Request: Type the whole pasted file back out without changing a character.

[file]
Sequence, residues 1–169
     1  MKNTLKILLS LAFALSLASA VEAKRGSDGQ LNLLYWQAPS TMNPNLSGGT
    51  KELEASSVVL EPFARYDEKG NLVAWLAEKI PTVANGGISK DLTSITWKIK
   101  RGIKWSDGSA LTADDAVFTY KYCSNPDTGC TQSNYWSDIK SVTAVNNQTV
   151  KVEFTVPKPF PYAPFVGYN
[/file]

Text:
Sequence, residues 1–169
     1  MKNTLKILLS LAFALSLASA VEAKRGSDGQ LNLLYWQAPS TMNPNLSGGT
    51  KELEASSVVL EPFARYDEKG NLVAWLAEKI PTVANGGISK DLTSITWKIK
   101  RGIKWSDGSA LTADDAVFTY KYCSNPDTGC TQSNYWSDIK SVTAVNNQTV
   151  KVEFTVPKPF PYAPFVGYN